7. Marketing – Varies
There are a lot of potential marketing strategies out there from simple cold calling to complex online content marketing campaigns. These have widely varying costs. If you’re starting off with personal contacts to get your business off on the right foot, you might save a bit of money here. But if you’re really starting from scratch, it would be best to budget for some serious marketing. For more detail, check out the Marketing section.
8. Extra for Unexpected Costs – Varies
This is really up to you. Ideally, you’ll want to keep a reserve, so you’ll be prepared for unexpected costs like having to replace equipment, which might suddenly break, or handling payment issues from a shipper. Keep in mind that early cashflow problems are a classic small business killer.
Making a Freight Brokerage Business Plan
This is an essential early step of any business and can’t be neglected. There are many ways to get started. The Small Business Administration (SBA) has a useful online business plan tool, which you can use. But there are some specifics to freight brokerages in particular that you should keep in mind.
Step #1: Choosing the Right Legal Framework
The first step of a business plan is to decide what type of legal structure will work best for you. Then, you’ll need to work through the legal process of founding your company. Legalzoom offers some excellent and inexpensive assistance in this process. As for the type of company, your main options are:
Limited Liability Corporation
Limited liability is exactly what it sounds like — it has the advantage of avoiding personal liability on the part of the owners for any debts incurred by the company. It’s also easy to raise funds by selling new membership interests with this type of structure. For the other advantages of an LLC, check out Legalzoom’s excellent summary.
When two people decide to form a company together, this is the simplest way to do it. A partnership can take many forms, but it always has certain advantages and disadvantages you should consider in terms of liability, flexibility, and longevity.
This is essentially a company which consists of a single individual and would be a great option for someone looking to start a smaller freight brokerage on their own. However, a sole proprietorship does involve putting all of your eggs into one basket, so to speak. Thus, be sure to consider liability issues involved with this business structure.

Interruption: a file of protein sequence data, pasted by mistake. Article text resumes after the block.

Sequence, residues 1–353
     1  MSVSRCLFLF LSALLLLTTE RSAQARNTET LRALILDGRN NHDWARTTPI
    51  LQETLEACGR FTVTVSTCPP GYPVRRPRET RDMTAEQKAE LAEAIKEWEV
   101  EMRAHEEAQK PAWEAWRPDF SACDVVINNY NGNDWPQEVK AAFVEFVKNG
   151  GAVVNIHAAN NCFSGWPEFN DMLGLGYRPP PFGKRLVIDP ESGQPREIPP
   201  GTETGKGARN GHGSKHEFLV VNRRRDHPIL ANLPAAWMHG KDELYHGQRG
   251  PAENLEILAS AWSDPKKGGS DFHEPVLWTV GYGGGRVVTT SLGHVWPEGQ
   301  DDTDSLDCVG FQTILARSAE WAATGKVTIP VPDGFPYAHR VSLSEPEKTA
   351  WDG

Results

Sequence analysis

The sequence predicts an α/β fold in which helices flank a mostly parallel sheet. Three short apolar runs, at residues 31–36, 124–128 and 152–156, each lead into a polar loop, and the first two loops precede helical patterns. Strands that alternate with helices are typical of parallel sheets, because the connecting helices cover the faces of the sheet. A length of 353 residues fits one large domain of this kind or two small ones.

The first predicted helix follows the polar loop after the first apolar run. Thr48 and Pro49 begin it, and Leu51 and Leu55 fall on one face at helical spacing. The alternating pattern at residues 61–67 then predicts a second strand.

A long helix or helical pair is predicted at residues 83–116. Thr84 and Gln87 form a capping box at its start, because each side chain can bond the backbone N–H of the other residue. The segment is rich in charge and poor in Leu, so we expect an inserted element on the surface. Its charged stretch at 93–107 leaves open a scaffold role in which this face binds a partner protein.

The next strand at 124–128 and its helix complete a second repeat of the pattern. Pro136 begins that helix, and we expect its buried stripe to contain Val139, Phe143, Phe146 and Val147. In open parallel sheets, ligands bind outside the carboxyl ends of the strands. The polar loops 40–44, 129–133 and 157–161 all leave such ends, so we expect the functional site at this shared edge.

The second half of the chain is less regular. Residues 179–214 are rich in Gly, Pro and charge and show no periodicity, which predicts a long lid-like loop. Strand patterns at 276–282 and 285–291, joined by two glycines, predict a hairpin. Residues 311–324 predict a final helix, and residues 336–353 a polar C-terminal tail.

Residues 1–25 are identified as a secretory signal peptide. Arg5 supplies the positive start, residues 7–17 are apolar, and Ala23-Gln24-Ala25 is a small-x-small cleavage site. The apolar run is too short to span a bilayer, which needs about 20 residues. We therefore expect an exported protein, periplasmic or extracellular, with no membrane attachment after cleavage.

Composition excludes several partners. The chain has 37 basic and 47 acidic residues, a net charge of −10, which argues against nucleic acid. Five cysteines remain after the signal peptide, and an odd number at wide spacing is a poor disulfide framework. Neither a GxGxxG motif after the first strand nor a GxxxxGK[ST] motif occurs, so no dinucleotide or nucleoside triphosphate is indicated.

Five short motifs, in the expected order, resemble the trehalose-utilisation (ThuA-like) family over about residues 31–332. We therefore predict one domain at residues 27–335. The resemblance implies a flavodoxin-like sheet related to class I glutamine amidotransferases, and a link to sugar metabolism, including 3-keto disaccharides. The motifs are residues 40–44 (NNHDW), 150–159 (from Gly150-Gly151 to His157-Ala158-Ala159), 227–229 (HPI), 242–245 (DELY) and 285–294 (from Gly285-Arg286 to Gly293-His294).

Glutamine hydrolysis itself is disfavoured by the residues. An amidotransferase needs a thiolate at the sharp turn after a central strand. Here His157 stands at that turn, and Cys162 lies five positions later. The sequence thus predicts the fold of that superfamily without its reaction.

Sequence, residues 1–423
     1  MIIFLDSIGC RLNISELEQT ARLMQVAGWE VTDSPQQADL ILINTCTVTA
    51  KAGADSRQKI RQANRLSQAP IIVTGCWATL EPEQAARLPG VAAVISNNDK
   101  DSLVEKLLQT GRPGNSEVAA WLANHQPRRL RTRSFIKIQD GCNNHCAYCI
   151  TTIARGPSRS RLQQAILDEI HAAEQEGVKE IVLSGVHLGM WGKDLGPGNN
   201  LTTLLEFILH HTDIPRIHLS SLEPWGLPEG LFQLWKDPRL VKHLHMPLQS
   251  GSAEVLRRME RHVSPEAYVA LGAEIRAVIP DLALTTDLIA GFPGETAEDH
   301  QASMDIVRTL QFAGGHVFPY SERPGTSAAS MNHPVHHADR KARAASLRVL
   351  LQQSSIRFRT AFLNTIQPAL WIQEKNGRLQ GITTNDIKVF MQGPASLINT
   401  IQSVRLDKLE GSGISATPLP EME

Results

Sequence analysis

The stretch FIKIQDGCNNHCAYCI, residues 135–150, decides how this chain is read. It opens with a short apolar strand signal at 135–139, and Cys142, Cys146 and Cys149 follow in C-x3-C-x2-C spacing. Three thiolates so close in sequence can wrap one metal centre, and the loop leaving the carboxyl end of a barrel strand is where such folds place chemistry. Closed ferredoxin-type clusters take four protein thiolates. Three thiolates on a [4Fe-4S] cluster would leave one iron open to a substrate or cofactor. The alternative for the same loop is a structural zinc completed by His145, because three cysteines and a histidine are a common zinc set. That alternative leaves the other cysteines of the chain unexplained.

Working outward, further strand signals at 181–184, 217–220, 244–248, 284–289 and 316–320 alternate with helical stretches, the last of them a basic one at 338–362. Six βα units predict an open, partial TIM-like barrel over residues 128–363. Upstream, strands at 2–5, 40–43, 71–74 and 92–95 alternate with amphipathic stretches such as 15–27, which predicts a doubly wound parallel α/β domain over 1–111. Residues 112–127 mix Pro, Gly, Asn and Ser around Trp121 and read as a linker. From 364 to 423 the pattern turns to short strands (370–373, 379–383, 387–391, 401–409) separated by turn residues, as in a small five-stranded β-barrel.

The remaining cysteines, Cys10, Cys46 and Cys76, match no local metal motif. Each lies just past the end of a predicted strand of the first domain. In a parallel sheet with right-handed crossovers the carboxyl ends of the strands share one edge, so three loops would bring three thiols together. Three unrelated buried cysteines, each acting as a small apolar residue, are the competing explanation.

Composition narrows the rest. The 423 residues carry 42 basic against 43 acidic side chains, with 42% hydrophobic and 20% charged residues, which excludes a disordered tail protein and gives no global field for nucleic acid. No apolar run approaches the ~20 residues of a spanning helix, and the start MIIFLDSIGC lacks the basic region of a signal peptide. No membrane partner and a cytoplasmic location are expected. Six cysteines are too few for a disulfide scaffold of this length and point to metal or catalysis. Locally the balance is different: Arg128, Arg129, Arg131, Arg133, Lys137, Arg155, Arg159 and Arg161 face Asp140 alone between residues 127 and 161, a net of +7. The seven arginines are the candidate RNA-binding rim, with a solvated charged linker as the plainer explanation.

Corporation (S or C)
Corporations are more complex and difficult to set up, but they offer serious tax and legal advantages if you’re looking to build a larger freight brokerage business. The biggest difference between S and C corporations is that C corporations pay taxes as a corporation and as individual shareholders, while with the S type taxes are only paid by the shareholders. But unless you’re looking to sell shares and employ more than around 20 people, you can probably stick with a simpler business type.
Step #2: Incorporating Technology
Technology is a critical part of any modern freight brokerage business. It’s not only crucial to choose the best brokering software for your needs, but it’s also important to take advantage of standard business tech to streamline your work. That includes having a smartphone, so you can keep up with developments on-the-go, and using accounts and billing software to simplify your life at tax time. Plus, by using the latest applications to more efficiently match freight with carriers, you’ll be a step ahead from the start.
Step #3: Choosing a Location
While brokering freight can be done remotely, face-to-face meetings and personal contacts can really make a big difference. It’s important to think strategically about where economic growth is highest so you can position your business to benefit from the increased freight shipments which accompany your main location.
Step #4: Finding a Niche
Beyond positioning yourself in a great location, finding a market niche can help boost your business’s natural potential for growth and success. For example, by finding an area where a lot of commercial retail development is about to begin you can build contacts early and become the go-to broker for all new businesses as they open their doors and require regular product shipments.
Step #5: Funding your Business
While starting a freight broker business is quite affordable, compared to many other types of companies, it’s still important to understand the licensing fees, application fees, etc. Therefore, the question of funding needs to be incorporated into your business plan from the start. Fortunately, there are many new companies like Lendio dedicated solely to finding peer-to-peer lending options, so keep in mind you have options beyond a traditional bank loan.